Ice-cold bats put powerful Dodgers on brink of early winter
LOS ANGELES (AP) — Frigid wind gusts roared in from center field well before sundown and continued through the late innings Monday night. They buffeted the foul poles and turned normally pleasant Chavez Ravine into a whirling cauldron that felt and played more like the San Francisco waterfront, or even old Candlestick Park.
“It’s just part of the game, Mother Nature,” said Los Angeles slugger Albert Pujols, who had two hits. “And you have to respect that.”
The Dodgers were at home, but they were out of their element — and they played accordingly in a loss that sent the defending World Series champions to the brink of elimination.
The Dodgers managed just five singles in a 1-0 loss to the Giants on Monday night in Game 3 of the NL Division Series. The formidable lineup that led the NL with 830 runs and hit 237 homers in the regular season has been shut out twice in three games against San Francisco — and in the crucible of a best-of-five series, that’s an enormous problem.
The wind was like nothing this stadium had experienced in recent memory, but the Dodgers felt they should have been able to overcome any elements.
“Hey, it happens,” Pujols said. “That’s something that you cannot control. It’s part of the game. You can’t think it was cold. ... You can’t blame it on the wind, because we lost the game tonight.
But for the second time in the series, the Dodgers were incapable of getting the timely, dramatic hits that have characterized so much of their postseason success while winning three NL pennants and one ring over the previous four seasons. Even going against unassuming former Dodgers starter Alex Wood, whose fastest pitch didn’t top 90 mph, was too much for this punchless powerhouse in blue.
Still, the Dodgers had a few moments where they thought their postseason serendipity had returned — only for it to be blown down again.
Gavin Lux thought he’d broken through with two outs in the ninth, lifting his arm in celebration after hitting a 106.9-mph drive to left-center. Statcast estimated the hit would be a homer 69% of the time, with an .890 expected batting average. Instead, it barely reached the warning track and fell into Steven Duggar’s glove.
Chris Taylor also hit a fly to the warning track in right-center with an XBA of .920 in the sixth, yet Duggar tracked down that one as well.
Dodgers manager Dave Roberts believes the aggressive winds batted down both drives.
“I think any other night, the CT ball, the Gavin Lux ball would have been home runs,” Roberts said. “Those two balls right there, it would have been a different outcome. But those are the elements that both teams had to play with, and that’s baseball.”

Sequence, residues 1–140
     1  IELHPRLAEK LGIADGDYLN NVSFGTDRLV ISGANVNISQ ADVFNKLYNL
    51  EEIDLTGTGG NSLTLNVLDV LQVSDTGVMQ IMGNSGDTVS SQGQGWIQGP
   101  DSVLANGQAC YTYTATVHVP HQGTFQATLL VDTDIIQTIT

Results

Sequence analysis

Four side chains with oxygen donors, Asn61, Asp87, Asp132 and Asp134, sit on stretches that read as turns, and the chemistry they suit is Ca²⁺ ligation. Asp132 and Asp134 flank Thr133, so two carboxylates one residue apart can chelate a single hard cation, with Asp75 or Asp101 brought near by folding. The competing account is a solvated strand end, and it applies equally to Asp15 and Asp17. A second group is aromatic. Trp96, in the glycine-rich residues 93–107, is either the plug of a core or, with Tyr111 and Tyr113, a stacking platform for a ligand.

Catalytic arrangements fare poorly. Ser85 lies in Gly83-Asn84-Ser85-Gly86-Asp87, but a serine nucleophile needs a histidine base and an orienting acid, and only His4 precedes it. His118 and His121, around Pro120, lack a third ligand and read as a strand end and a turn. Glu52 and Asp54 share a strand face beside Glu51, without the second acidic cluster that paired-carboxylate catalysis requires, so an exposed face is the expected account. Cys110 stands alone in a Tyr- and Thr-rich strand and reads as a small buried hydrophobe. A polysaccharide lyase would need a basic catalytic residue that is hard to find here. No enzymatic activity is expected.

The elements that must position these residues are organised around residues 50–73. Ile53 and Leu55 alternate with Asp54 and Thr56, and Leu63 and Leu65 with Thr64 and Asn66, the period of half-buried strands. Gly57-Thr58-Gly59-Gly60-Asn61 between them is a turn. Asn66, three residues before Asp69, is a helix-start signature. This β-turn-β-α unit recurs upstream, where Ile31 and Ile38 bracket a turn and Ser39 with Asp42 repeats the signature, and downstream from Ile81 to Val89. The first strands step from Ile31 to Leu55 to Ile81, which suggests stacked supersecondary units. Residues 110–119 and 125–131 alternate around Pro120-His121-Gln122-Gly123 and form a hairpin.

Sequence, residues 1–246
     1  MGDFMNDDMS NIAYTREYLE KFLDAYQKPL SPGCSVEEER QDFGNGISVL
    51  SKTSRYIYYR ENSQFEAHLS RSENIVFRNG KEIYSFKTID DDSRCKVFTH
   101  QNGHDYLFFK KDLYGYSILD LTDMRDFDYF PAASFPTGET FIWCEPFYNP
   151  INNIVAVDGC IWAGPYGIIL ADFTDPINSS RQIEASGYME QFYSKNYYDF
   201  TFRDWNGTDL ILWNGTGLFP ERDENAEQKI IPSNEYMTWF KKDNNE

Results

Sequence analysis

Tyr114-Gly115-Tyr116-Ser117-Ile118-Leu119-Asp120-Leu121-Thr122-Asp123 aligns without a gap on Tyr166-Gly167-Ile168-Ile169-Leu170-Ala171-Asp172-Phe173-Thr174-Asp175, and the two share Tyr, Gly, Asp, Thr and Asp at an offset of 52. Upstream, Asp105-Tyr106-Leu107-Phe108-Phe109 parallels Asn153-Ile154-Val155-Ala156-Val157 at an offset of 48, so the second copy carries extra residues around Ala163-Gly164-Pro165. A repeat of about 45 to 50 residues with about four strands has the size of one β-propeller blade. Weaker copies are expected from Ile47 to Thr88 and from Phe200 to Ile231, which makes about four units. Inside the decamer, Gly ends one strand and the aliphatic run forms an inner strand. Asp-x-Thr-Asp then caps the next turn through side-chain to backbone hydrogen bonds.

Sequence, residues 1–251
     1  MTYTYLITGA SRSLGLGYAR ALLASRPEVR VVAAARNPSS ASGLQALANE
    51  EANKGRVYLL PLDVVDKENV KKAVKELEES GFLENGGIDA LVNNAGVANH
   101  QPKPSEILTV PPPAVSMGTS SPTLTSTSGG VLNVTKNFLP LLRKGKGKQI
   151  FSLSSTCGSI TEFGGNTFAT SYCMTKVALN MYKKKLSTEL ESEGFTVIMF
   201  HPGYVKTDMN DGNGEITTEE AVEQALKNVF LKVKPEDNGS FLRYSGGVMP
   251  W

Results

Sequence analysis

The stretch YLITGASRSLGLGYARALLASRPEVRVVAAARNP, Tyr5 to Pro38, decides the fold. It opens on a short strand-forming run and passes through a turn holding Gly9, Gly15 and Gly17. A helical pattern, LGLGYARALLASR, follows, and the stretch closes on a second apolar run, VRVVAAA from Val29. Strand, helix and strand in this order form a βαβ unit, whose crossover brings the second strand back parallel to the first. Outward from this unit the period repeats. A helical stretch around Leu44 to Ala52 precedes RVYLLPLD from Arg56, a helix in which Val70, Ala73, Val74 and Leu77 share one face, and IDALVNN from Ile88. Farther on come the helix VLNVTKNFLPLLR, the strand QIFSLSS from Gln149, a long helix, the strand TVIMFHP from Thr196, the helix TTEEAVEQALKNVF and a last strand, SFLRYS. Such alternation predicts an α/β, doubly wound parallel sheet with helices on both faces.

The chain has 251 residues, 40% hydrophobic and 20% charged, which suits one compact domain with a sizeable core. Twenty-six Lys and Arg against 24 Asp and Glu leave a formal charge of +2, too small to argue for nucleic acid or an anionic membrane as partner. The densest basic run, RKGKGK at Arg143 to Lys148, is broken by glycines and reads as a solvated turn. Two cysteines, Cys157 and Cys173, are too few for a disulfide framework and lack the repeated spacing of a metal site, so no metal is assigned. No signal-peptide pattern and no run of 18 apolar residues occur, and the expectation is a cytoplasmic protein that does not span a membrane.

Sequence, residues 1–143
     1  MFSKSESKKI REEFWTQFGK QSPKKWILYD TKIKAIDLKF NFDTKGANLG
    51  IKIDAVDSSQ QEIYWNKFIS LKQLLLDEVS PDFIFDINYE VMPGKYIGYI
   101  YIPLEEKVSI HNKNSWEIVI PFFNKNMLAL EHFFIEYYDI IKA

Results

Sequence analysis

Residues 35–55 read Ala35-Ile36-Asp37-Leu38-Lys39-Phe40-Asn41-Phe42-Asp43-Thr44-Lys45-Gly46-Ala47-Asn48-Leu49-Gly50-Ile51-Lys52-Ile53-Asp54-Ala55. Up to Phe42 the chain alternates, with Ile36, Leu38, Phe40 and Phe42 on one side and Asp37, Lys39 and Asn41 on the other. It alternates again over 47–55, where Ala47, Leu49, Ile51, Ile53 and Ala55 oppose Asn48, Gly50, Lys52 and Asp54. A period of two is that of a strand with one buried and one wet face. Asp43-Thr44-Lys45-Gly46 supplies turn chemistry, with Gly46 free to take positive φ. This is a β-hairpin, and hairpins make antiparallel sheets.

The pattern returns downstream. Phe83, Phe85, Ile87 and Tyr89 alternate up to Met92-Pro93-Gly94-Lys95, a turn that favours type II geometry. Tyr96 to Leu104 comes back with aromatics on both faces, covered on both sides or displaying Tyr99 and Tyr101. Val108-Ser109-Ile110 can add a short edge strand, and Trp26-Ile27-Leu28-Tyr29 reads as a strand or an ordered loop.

Los Angeles hit 30 playoff homers and scored 101 runs on its way to the World Series title last season, but a Game 3 lineup with six returning position players from 2020 was no better than the group that got blanked in Game 1.
LA’s power outage wasn’t completely caused by the winds that bent the palm trees and sent the temperature plummeting, but it has put the Dodgers in a tight spot heading into Game 4 on Tuesday night.
The Giants had a great deal to do with Los Angeles’ offensive ineptitude, particularly in the seventh inning. Two Dodgers were on base against former LA reliever Jake McGee when Mookie Betts stung a 100.4-mph line drive toward left — but shortstop Brandon Crawford, a UCLA product, snared it with a perfectly timed leap.
“Really good at-bat,” Roberts said with palpable frustration. “Squared it up. Brandon was in the right spot and made an athletic play that we have seen time and time again.”
Betts also was robbed of a hit by Crawford earlier when the shortstop snared a sharply hit grounder for the final out of the fifth.
Los Angeles went 0 for 4 with runners in scoring position, failing to come through in the few times when it mattered. Regular postseason star Max Muncy is injured and not playing, but plenty of past October heroes — Justin Turner, World Series MVP Corey Seager, Taylor and Betts — have all run low on playoff magic.
Although one particularly unruly gust shoved Max Scherzer partly off the mound in the first inning, the Dodgers still got everything they expected and demanded from the 37-year-old right-hander, who threw seven innings of three-hit ball with 10 strikeouts.
But LA’s big trade deadline acquisition finally took his very first loss in a Dodgers uniform.
Unless Los Angeles rallies for two wins over San Francisco, Scherzer will head to unrestricted free agency this winter — alongside Clayton Kershaw, Taylor and closer Kenley Jansen, among others — with disappointment all around after the Dodgers’ gamble to land the ace and Trea Turner failed to generate postseason success.
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